Faces on Faith: Defining freedom
Well, another Fourth of July weekend has come and gone. Red, white and blue were the colors of the day. Here on Sanibel a great parade and spectacular marked the occasion, as we celebrated the 241st of our nation. Independence Day, we call it, in recognition of the Declaration of Independence that was promulgated during the first week of July, 1776.
“We hold these truths to be self-evident,” wrote Jefferson, “that all men are created equal, that they are endowed with certain inalienable rights, that among these are Life, Liberty and the pursuit of Happiness.”
Over the course of the last week you have undoubtedly heard many of our national songs. Perhaps you even sang a few of them yourself. Songs which inevitably emphasize freedom. Some were written two centuries ago, like the national anthem which calls America “the land of the free.” Others just a few decades back, like Neil Diamond’s “America,” which speaks of “freedom’s light burning bright.” These songs that celebrate our nation always seem to stress the importance of freedom.
Truth be told, it’s a word we use rather carelessly. We often see freedom as a privilege, as a right, but fail to remember with freedom comes with responsibility. “Hey this is a free country,” we might say to someone who challenges our thinking, “I can say whatever I damn well please and no one can stop me.”
Yet not all speech is protected, we still have to think before we speak. We cherish our freedom to worship as we wish, but sometimes forget we need to protect the right of others to practice or not practice religion their way as well. We argue that we’re free to bear arms, but may neglect the overriding need for public safety.
At the end of their most recent term we saw the Supreme Court hand down decisions that involved multiple understandings of freedom. Time and again the court must address the issue of freedom. Whose rights take precedence when freedoms conflict? Does a woman’s freedom to make personal medical choices override another person’s religious freedom? Does a corporation enjoy certain inalienable rights? How far does freedom extend?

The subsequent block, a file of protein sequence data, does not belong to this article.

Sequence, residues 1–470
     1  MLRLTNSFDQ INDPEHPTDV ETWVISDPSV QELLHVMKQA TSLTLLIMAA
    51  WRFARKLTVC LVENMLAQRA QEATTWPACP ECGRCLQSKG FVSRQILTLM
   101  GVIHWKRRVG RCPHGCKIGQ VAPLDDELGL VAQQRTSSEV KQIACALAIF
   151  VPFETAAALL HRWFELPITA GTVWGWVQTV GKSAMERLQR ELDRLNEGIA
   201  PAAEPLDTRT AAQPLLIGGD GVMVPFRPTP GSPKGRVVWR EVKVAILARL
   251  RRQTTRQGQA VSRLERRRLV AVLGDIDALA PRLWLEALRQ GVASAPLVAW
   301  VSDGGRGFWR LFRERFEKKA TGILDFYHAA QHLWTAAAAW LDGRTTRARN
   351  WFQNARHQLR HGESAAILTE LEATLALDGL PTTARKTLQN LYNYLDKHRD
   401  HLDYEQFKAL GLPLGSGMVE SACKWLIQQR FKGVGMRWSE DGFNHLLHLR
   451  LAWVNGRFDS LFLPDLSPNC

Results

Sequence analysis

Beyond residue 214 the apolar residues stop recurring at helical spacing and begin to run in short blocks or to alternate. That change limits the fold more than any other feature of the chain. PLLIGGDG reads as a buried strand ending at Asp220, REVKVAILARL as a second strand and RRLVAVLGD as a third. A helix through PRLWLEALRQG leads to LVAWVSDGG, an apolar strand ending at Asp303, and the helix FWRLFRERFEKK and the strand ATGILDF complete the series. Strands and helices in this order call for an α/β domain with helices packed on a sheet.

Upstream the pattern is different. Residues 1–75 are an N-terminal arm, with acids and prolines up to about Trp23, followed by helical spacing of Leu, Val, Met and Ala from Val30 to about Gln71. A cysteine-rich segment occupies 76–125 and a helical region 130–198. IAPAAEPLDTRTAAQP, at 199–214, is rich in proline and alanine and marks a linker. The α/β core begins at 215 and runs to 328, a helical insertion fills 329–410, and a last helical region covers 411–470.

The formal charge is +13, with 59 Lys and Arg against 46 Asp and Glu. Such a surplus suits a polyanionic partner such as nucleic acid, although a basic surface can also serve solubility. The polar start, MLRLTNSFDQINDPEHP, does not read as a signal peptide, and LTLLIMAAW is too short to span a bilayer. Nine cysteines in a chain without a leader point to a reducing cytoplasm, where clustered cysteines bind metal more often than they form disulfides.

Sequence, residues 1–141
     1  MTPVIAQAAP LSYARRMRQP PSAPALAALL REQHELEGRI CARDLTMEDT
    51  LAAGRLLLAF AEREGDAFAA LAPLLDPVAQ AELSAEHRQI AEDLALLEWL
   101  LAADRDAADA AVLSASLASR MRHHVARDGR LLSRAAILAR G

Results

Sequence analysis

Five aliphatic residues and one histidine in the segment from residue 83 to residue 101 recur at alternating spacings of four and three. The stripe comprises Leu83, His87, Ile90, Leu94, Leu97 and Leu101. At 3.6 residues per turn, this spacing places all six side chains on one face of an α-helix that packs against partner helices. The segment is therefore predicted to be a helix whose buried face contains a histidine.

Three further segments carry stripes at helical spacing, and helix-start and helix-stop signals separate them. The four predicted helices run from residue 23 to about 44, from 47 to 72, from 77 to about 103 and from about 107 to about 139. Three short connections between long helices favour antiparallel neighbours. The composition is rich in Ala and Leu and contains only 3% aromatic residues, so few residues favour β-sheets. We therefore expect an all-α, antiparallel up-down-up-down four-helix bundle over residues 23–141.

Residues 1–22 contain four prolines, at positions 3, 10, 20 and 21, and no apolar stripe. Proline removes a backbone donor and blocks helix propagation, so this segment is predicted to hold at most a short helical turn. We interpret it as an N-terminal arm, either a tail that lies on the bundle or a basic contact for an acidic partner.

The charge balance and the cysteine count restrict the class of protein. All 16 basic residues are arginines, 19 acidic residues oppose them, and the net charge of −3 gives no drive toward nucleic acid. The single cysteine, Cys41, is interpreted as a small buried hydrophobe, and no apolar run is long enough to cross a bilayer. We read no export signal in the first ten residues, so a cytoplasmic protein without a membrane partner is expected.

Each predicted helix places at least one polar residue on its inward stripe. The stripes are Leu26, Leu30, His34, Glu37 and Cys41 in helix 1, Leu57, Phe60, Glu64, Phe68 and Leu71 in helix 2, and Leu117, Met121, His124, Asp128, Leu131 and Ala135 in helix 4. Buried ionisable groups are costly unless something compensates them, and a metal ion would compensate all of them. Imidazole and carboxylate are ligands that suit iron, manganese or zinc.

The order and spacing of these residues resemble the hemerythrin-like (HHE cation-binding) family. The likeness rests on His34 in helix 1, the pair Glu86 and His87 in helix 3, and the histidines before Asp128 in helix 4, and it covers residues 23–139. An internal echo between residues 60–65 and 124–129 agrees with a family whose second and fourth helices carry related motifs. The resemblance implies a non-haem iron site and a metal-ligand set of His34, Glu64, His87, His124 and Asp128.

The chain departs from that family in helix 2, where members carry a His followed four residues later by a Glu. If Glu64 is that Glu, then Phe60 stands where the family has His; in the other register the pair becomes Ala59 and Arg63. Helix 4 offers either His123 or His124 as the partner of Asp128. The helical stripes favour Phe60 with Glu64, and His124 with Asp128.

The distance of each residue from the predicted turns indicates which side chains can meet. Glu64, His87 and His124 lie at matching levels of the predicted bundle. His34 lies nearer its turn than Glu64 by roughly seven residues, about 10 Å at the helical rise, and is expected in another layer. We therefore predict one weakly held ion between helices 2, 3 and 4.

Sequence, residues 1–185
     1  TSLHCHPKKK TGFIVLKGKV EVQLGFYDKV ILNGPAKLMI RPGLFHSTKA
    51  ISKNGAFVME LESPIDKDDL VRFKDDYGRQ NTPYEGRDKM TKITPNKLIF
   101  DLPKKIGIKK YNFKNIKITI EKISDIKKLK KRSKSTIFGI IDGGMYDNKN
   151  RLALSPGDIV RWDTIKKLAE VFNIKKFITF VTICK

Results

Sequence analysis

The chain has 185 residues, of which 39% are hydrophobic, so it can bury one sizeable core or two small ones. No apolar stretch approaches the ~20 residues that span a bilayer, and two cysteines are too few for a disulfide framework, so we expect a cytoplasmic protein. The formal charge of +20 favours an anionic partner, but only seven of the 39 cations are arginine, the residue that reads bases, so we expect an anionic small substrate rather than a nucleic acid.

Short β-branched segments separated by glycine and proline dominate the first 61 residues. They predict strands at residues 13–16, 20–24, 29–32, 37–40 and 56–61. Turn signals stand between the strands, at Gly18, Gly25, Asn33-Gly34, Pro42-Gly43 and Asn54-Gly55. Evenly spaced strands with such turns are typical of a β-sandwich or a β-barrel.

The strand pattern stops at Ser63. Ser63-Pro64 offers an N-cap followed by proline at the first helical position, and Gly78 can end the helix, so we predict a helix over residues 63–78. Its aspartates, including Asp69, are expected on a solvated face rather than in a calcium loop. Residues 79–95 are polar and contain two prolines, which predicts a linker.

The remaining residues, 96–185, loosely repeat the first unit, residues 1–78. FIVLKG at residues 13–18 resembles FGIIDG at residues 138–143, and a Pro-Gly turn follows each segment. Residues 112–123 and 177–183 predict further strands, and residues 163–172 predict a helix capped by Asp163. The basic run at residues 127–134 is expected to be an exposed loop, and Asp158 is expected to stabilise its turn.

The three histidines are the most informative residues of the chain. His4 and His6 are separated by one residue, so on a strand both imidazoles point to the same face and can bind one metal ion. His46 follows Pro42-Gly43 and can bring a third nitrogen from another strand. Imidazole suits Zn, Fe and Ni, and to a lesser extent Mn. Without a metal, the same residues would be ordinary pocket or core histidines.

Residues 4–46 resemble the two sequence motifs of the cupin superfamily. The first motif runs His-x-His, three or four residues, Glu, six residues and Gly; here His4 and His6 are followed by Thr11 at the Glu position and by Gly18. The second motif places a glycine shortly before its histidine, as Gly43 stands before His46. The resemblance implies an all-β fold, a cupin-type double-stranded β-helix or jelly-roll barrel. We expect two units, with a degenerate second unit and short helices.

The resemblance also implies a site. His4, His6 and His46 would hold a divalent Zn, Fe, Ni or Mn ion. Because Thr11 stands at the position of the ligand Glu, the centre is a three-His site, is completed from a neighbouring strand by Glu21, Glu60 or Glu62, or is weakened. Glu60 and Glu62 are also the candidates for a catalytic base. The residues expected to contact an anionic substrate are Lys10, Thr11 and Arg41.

Obviously, as a nation, we need to continue to wrestle with these and similar questions. Defining what we mean by freedom is essential, yet it is also ever changing. In 1776 those inalienable rights of all men meant men literally. And not even all men at that. White men, with property. The truth is we are constantly fine-tuning our understanding of freedom!
In my religious tradition, freedom is not understood as being able to do anything you want, rather, freedom is understood as having the ability to do the right thing.
And maybe, as I think about it, that might be a starting point for our national debate as well. This is a pluralistic and diverse country. I’m not suggesting we all need to become Christians for our nation to work well. But, I am suggesting we need to move away from self-centeredness and truly care about one another. I am suggesting we all need to be working for the greater good. I am suggesting we need to remember that having freedom doesn’t mean having license. It doesn’t mean being able to do whatever we darn well please. Having freedom means being willing and able to do the right thing. The Fourth of July may be over for another year, but the work of defining freedom lasts all year long!